A very short couple of weeks later (some of which was waiting on rain to stop), I had a price agreed upon and strangers taking apart my house.
As usual, I went with my gut on who to choose. These guys had been in the business for a long while, seemed to have more expertise, and possessed a genuine interest in educating me about different alternatives to what I was originally asking for (with each suggestion actually less expensive than mine). They snagged the materials quickly, showed up on time, and went well above the scope of the work they quoted. Even after finding some nasty elements hiding beneath certain parts of the house and having to repair more than they saw during their initial inspection (such as the wood rot below), they got all of the necessary repairs done, sealed, and painted less than a week later.
They also took care of it all without costing a dime more than their quote. They even climbed onto the roof and got rid of some tricky gutter issues, just because they figured I wouldn’t be able to get to it in the near future. I’d definitely hire them again (if you’re in the local area and looking for someone, his info is at the bottom of the post*).
They kind of ran with their own instincts in certain areas, which worked really well for me since I knew I could trust them to do this while I worked on other things. Here, they were explaining the use of the rough versus the smoother side of the siding and why painting it was actually a huge pain. The house had been painted before I moved in, forcing me and these guys to keep painting it, but cedar is actually plenty resistant to the elements on its own. So rather than painting, cedar should always be stained. Not much I could do once painted (other than scrape or replace it, which would be $$$), so painting continued.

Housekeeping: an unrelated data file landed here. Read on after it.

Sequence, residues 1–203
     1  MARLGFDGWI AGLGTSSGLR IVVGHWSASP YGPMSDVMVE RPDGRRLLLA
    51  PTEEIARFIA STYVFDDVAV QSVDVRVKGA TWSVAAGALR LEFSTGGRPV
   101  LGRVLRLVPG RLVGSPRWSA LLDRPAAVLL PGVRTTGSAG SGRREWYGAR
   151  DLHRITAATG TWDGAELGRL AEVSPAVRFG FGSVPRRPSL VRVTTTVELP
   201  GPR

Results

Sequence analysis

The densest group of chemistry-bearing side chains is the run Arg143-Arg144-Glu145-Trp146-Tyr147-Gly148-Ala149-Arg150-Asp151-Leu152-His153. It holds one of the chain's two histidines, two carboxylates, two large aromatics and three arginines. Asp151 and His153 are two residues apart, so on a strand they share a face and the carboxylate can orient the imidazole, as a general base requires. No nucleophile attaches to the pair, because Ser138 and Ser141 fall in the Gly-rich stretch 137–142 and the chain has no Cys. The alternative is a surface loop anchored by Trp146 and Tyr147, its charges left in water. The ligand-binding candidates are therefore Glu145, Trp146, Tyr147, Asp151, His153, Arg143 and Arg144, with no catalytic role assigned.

In the end, things looked SO MUCH BETTER.
The chimney looks way better too. You can’t really see it in the photo below, but they put a cap above the large band (which was supposed to be there but missing for way too long) to keep the wood rot situation from happening again anytime soon. I forgot to tell them the various areas that should be white vs. tan, but caught them before they put up the tougher trim pieces up, so the areas that need to be repainted will be much easier for me to reach.
As you can see, they didn’t paint everything, but that’s because I hired them to specifically to get to the parts that needed to be repaired or replaced and paint just that. I still have to finish painting the other spots of trim, but thankfully it’s a much easier job knowing that I don’t have to replace anything else. And of course, it’s been pushing me to get a LOT of yard work completed to complement all of the new siding work.
The work isn’t totally done yet to completely cross “exterior paint” off of the list. It’s also never going to be 100% perfect on the exterior (cedar siding doesn’t have the seamless, uniform kind of look that vinyl does), but it’s been a huge motivator to do all the things around the entryway, and I know my neighbors are probably very pleased to see the improvements.
I know I am!